Since January, some people have wondered what implications the selection of Betsy DeVos as the U.S. secretary of education may have for higher education. This discussion leads to an important practical question: In what ways can the government successfully increase college graduation rates? This issue is especially salient, as many college students are preparing to receive their degrees in the next few weeks.
In our recent extensive review of over 1,800 research studies on college students, we found that some of the most common approaches for promoting student success simply aren’t effective. For example, most states have moved to performance-based funding for supporting their public colleges. Instead of giving money based on how many students are enrolled, some funding is based on a measure of institutional performance, such the number of students who graduate or the number of courses completed.
Performance-based funding assumes that tying revenue to graduation or other measures will motivate colleges to work harder to improve desired outcomes. Unfortunately, lots of research shows that this approach doesn’t work at all.
In fact, higher education institutions have been working for decades to help students succeed. And they’re already motivated financially, since students who stay in college pay tuition and fees, buy books and other supplies, and sometimes pay room and board. Institutions are far better off retaining current students than recruiting new ones.
Performance-based funding can also have some negative side effects, since colleges are rewarded for recruiting and admitting only the students who are most likely to succeed. This approach hurts institutions that serve many students who are the first in their family to attend college or who have not been well prepared to succeed academically.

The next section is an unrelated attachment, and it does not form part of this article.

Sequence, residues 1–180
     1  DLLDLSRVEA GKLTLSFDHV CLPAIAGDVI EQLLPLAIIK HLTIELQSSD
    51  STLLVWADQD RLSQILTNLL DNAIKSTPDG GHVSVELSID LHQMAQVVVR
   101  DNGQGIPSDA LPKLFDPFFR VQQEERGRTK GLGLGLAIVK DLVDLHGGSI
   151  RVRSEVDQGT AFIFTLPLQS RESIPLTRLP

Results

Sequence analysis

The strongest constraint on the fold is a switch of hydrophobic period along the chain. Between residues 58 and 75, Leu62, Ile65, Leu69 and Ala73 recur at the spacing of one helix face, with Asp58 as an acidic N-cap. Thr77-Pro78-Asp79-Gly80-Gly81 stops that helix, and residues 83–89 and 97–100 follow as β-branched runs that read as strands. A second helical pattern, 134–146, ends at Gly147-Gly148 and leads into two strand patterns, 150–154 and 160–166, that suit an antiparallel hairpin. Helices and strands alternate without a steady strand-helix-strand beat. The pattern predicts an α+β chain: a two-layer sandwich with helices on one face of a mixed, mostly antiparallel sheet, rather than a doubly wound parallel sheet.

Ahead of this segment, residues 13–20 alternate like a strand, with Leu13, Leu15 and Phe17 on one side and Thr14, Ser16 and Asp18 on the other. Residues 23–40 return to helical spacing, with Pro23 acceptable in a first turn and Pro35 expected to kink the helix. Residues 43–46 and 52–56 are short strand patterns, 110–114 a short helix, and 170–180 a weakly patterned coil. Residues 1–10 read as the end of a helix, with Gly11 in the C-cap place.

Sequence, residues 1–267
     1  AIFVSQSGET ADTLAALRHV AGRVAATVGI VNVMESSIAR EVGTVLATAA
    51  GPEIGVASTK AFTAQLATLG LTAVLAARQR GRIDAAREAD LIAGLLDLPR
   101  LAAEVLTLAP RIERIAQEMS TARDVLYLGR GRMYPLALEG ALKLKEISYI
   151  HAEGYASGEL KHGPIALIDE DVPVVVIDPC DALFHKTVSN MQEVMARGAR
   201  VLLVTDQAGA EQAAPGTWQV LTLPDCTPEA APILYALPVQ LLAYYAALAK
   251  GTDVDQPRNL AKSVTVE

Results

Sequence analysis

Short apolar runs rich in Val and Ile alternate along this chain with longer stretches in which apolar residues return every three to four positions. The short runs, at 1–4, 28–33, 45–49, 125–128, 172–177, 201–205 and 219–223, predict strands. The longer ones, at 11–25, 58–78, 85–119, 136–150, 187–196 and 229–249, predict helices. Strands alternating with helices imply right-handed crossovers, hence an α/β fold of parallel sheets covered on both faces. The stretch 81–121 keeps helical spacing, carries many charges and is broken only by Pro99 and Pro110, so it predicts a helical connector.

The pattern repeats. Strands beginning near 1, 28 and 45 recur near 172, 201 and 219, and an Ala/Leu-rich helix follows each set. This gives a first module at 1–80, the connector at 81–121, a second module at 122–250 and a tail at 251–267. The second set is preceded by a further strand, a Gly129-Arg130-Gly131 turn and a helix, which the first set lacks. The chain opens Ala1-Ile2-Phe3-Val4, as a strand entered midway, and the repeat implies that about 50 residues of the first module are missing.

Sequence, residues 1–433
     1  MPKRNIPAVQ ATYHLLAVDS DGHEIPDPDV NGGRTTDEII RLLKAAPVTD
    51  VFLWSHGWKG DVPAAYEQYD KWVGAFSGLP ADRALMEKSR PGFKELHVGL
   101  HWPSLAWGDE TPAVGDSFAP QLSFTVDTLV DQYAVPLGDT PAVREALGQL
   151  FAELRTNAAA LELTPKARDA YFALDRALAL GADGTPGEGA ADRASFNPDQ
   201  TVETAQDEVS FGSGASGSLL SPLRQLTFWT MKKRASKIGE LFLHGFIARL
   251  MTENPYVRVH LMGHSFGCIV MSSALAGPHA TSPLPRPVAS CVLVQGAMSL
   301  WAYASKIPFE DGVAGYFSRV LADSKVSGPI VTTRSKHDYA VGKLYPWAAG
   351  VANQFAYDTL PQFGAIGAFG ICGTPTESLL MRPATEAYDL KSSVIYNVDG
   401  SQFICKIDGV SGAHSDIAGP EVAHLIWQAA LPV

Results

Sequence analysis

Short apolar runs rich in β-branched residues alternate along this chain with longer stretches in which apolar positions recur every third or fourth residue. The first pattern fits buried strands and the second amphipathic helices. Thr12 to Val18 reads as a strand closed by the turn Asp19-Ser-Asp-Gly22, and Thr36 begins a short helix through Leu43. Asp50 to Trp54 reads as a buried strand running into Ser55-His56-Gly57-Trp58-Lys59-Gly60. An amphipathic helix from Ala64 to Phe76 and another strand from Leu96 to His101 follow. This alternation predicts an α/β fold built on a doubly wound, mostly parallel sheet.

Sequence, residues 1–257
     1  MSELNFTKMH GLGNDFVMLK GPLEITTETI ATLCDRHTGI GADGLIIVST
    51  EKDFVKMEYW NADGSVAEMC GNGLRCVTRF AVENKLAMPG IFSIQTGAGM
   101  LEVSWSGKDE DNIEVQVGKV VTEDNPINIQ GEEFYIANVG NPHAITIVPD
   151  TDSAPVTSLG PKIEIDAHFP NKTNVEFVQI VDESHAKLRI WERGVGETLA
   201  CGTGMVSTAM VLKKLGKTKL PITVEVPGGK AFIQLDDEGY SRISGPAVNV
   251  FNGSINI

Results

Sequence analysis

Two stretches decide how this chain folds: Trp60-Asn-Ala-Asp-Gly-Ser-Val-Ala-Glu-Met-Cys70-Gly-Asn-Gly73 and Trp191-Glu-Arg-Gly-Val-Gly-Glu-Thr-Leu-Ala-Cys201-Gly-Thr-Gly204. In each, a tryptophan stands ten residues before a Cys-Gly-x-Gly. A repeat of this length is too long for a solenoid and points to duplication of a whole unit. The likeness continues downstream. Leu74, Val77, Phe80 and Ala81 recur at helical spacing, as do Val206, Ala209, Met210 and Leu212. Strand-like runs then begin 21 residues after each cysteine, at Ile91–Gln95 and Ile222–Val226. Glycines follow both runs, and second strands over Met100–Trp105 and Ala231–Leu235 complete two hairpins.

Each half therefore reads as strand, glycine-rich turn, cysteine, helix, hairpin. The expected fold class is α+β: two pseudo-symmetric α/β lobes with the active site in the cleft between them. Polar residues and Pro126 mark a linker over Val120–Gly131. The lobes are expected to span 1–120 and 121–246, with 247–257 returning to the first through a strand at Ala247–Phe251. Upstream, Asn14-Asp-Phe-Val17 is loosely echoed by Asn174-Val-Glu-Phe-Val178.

Another seemingly useful policy involves making articulation agreements among colleges within a state. Such agreements help students transfer credits successfully from one public college to another so that their previous credits count at their new institution. Since more than half of bachelor’s degree recipients attend more than one college, this policy aims to help students receive a degree more quickly and decrease their chances of dropping out along the way.
Having state articulation agreements probably does reduce the challenges of transferring credits. However, this approach also appears to have no noticeable effect on graduation or transferring from a two-year college to a four-year college.
So which approaches work? The main answer is perhaps not surprising: providing more money to support public colleges and universities increases degree attainment. This finding is notable, because states across America have substantially reduced their support for higher education. Some public research universities receive 10 percent or less of their revenue from the state.
The type of funding is also quite important. Spending on need-based aid is especially helpful, as it helps students who wouldn’t otherwise be able to afford it attend college. Spending money on student services and instruction also appears to be an effective investment, since it directly improves student success.
In reaction to these reduced resources, many colleges are hiring more part-time or adjunct instructors, who are substantially underpaid. The strategy has negative results for students, since having more part-time or non-tenure-track faculty leads to reduced graduation rates. Even at the same institution, students who take more classes from part-time faculty are less likely to transfer or receive a degree. The problem probably occurs because part-time faculty often work at multiple colleges, so they are stretched too thin to do their jobs as well as their full-time counterparts.
Of course, many programs and institutions would like to receive more money from the government; why should public colleges and universities take priority?
Promoting college attainment results in clear benefits for society by increasing graduates’ earnings, which leads to greater revenue from payroll taxes, sales taxes and property taxes, as well as reduced spending on financial assistance. Such public financial gains outweigh public spending on college education.
Having a well-educated population also leads to many desired noneconomic outcomes. For example, college graduates have better health and well-being and greater civic engagement in their communities.
In light of the substantial benefits from promoting educational attainment, states need to muster the political will to support their public colleges and universities. These benefits occur slowly over time, and it’s hard to pinpoint the effects in the same way that one can point to a new football stadium. But investing in higher education is crucial in the long term, so states need to start acting in their own self-interest.